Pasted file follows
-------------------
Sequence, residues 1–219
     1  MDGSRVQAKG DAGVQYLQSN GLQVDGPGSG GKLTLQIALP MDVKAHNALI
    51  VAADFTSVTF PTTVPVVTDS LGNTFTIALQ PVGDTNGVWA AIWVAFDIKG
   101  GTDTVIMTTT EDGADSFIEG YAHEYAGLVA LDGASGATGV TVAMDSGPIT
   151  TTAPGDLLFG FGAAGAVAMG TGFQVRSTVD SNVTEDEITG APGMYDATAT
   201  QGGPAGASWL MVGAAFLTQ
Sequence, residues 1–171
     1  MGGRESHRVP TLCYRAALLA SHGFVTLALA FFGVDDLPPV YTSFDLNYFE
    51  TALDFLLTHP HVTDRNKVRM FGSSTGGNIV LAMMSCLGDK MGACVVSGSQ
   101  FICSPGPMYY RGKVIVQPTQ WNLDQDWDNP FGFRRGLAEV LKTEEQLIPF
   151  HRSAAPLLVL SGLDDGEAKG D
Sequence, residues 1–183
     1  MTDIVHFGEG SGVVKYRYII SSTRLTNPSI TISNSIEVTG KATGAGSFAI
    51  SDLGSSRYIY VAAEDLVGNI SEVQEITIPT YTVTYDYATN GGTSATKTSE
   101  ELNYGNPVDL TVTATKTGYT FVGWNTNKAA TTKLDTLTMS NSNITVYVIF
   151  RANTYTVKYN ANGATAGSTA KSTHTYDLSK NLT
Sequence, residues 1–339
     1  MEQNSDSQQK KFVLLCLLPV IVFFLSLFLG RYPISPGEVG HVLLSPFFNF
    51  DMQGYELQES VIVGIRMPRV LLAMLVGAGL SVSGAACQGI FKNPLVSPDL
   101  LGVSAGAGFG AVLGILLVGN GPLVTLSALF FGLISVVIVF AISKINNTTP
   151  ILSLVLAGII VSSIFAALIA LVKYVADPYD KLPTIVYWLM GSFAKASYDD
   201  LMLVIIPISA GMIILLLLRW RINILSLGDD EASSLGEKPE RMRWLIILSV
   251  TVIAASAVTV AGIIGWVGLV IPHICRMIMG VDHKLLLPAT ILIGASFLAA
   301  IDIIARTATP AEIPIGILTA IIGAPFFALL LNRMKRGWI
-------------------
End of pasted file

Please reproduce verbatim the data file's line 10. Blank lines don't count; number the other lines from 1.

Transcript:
   101  FICSPGPMYY RGKVIVQPTQ WNLDQDWDNP FGFRRGLAEV LKTEEQLIPF